What It’s Like to Be a Ghost on Social Media

You can’t see me, but I need to be seen. You can’t know who I am, but I need to be known. I’m not a riddle. I’m a real person. My life is not an easy one.

I can’t say it’s the hardest life I’ve known, because six years ago I left home of domestic abuse to get here. I left twenty years of pain, torture, and terror, so I could get to this day. I fought through five years in court and vicious custody battles with my abuser. I racked up a cool $1M in legal fees that I will spend the rest of my life trying to recoup. So, how could I ever say that this life is harder?

After narrowly escaping that life that still haunts me, I spend my time in “this life” making sure that others do not have to travel the same path that I did. I have written a book, created a company, and founded a charity, all centered around one singular mission — to prevent, educate about, raise awareness of, and help others heal from domestic abuse and violence. I have funded all of these efforts directly out of my bank account. I am slowly bankrupting myself.

Working solo was driven by the need to show the world that I was not broken and that you would not be broken if this had happened to you, too. For twenty years I was told that everything I did was wrong. Even after I was abundantly successful the first time around in my career, I was told that I was stupid and that I would never amount to anything. It became even more important for me to walk out of that life, and start this one on my own. I needed to know that I could stop at any moment in time, look around, and know that I had gotten to this point by myself. Here I am — here we are, yet no one knows because I work under a name that is not my own.

I live in the same town as my ex-husband and he knows exactly where I am. My new life is intentionally not connected to my old one. I am not throwing fuel on that fire, so I do all of this work using an alias. Not having a face to go with this alias name also means that my children and I can walk through our town every day, and no one will look twice at us. This new life was planned with precision detail. It was crafted so I could put an unknown name on this faceless ghost.

You never know what you don’t know until you get there. What I know today, is that I am trying to live two lives at once, and it’s pretty damn hard. I’m “her” in my town and I am very well-known. I’m the other me the moment I open my laptop and begin doing this work. Either way, half of one of us is missing at any given moment.

I open my social media, I reach out for help, and your fingers slip through mine because it’s not just my face that is a ghost, it is my entire being. You do not know who I am when I ask you for help. You do not know that we have worked together, and you do not know that I am trustworthy and will get the job done. You question me, and it is difficult because I am working with a universe that does not recognize me.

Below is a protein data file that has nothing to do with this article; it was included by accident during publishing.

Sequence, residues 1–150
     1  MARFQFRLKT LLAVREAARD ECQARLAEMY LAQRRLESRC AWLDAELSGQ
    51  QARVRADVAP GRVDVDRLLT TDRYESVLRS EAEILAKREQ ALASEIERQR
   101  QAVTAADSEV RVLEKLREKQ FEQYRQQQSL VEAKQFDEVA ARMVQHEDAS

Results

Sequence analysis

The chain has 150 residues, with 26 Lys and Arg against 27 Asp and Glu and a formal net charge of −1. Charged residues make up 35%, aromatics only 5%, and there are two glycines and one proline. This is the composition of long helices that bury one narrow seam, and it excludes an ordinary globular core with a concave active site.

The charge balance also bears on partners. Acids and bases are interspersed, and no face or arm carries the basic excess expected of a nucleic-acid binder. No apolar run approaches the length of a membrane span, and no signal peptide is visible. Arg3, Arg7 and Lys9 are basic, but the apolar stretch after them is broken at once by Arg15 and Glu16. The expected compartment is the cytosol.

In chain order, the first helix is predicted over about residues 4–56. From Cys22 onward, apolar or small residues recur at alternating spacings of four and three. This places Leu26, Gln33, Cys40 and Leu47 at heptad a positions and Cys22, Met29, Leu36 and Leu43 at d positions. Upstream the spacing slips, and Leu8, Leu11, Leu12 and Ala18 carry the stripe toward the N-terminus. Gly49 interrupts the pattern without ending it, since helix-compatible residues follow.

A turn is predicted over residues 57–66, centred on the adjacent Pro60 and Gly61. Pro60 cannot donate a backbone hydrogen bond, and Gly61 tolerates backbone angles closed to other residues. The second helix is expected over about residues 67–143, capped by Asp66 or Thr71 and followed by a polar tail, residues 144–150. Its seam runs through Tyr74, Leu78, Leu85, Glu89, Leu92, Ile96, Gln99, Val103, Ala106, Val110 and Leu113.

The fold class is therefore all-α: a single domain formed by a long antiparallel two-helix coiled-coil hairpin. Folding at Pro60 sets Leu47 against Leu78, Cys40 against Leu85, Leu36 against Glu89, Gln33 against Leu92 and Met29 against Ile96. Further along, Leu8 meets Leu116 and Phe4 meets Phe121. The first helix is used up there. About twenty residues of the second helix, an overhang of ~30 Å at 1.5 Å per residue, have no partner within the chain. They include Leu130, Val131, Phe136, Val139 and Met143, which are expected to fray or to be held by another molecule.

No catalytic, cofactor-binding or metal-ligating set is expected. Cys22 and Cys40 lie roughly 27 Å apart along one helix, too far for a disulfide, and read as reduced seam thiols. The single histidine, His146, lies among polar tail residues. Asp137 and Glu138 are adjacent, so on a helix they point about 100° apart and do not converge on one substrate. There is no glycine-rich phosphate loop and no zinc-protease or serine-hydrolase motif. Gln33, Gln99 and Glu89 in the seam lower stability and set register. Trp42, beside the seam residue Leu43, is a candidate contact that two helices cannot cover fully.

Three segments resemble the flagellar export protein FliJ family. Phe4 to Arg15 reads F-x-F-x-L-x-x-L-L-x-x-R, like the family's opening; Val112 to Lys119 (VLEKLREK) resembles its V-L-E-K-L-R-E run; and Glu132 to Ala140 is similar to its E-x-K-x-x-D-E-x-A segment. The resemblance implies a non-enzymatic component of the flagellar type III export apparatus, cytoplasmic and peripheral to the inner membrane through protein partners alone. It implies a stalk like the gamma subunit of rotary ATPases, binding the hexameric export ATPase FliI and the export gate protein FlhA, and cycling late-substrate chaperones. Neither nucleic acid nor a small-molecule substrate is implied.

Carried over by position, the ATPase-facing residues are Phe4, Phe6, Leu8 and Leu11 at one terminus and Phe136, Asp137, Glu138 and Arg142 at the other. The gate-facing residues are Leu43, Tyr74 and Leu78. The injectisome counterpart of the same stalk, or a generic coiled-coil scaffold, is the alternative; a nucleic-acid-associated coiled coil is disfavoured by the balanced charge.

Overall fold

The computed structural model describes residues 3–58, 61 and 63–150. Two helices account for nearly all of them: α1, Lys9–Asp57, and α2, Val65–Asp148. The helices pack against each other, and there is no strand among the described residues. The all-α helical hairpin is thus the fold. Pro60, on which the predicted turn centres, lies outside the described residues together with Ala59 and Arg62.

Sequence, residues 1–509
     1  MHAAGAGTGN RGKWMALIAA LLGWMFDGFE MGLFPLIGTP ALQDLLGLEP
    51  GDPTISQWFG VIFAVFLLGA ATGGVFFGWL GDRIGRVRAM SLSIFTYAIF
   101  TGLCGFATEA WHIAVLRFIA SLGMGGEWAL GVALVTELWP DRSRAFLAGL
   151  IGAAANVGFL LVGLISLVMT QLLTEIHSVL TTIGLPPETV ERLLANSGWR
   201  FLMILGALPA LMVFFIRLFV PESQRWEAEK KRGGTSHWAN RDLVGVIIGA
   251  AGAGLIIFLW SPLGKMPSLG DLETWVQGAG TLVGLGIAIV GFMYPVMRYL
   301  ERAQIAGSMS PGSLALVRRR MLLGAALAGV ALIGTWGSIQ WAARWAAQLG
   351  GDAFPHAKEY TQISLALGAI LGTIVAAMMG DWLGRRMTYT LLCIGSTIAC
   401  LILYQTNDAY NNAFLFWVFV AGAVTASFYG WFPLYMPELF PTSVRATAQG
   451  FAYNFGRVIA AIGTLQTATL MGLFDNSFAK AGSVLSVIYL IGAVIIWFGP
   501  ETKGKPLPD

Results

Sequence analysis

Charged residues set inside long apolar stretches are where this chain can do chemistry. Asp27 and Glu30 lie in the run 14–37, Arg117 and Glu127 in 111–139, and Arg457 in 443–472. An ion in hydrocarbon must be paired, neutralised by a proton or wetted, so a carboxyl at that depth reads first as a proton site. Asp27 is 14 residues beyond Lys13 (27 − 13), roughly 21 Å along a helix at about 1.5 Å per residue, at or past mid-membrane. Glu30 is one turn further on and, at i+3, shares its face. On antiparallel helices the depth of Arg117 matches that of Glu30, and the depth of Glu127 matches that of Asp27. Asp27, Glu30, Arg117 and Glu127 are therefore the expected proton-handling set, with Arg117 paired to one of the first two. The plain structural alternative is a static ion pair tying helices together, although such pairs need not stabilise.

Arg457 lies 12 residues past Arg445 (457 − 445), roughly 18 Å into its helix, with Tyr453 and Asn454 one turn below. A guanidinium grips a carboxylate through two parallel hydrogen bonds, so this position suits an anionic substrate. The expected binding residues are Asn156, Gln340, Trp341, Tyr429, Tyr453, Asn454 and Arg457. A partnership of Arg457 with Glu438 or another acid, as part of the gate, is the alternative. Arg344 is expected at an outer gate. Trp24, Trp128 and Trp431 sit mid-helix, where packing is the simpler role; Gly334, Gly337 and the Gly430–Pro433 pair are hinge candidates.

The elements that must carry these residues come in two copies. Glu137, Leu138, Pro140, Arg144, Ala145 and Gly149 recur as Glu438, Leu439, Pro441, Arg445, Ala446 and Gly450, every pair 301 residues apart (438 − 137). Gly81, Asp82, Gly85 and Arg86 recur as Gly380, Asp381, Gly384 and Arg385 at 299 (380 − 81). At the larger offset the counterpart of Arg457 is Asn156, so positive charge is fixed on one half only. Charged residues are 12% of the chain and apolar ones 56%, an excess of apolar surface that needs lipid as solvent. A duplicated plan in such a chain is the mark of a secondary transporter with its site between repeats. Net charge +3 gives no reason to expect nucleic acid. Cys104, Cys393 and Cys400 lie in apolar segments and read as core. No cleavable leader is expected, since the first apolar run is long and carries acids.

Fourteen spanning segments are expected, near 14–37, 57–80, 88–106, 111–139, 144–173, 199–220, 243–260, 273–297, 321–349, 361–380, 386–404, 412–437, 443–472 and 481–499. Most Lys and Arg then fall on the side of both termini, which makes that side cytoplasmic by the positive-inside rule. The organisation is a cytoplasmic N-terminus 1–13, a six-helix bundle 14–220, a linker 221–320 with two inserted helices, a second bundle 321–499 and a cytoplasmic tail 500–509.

I turn and open my other social media, and they know my real name. But, there I cannot tell them what I am doing to help others. I cannot tell them what I am doing to make a difference in the world, to stop the chaos, and change the lives of the many who have suffered from domestic abuse and violence. I am trapped in the middle of the harder of two places, and I do not have one advantage working in my favor on either side. It is the toughest of tough, and I do not have a solution, and it is maddening.

The universe will not allow me to be two people at once, I see that now. I am not completely there in your world, I am not completely here in mine, either. One day I will be forced to choose between her and me, and that choice will both complicate and simplify my life. But, with that choice comes consequences that I am not yet prepared to deal with. Consequences that do not only affect me but will also affect my children.

Until that day comes, I ask you to simply accept me, at whatever level you choose — as half of one person, as a person that you used to know, or as someone new who looks like she is trying to help others. Regardless of your perspective, we end where we began. I am not a riddle. I am a real person. Please reach back and grab my hand.

#NotInOurHomes #TomorrowIsTooLate #DomesticAbuse #DomesticViolence #EmotionalAbuse #GetHelpToday #Victims #Survivors #nonprofits #funds #funding #help #donate

The SODA Fund™ SODA® = Survivors Of Domestic Abuse

Home Should Be A Safe Place. For Everyone.™

Want to read the rest of Susan’s story and see what happened when she tried to leave? Check out Sparks in Love, on amazon.com.

You can also follow Susan’s blog on Medium(@SusanSparksSODA), and SPARKS SPEAKS OUT™ on thesoda-pop.com and thesodafund.org

Susan Sparks is a 20-year victim, and 7-year Survivor Of Domestic Abuse (SODA®). She is the author of Sparks in Love, and an Expert Blogger and Subject Matter Expert for multiple digital media sites. She works on select projects with The National Domestic Violence Hotline (thehotline.org) — donating a portion of proceeds from every sale of Sparks in Love to both The Hotline and The SODA Fund. Susan dedicates her time to raising awareness of domestic abuse in the hopes that she can prevent others from walking into abuse the way she did, and help others walk out of abuse on a safer path than the one she created for herself.

If you need help or want to help please visit www.thesodafund.org today.



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Susan Sparks

Susan Sparks


Author: Sparks in Love I Advocate I SODA®: Survivor Of Domestic Abuse I thesodafund.org I thesoda-pop.com I #NotInOurHomes #TomorrowIsTooLate #domestic abuse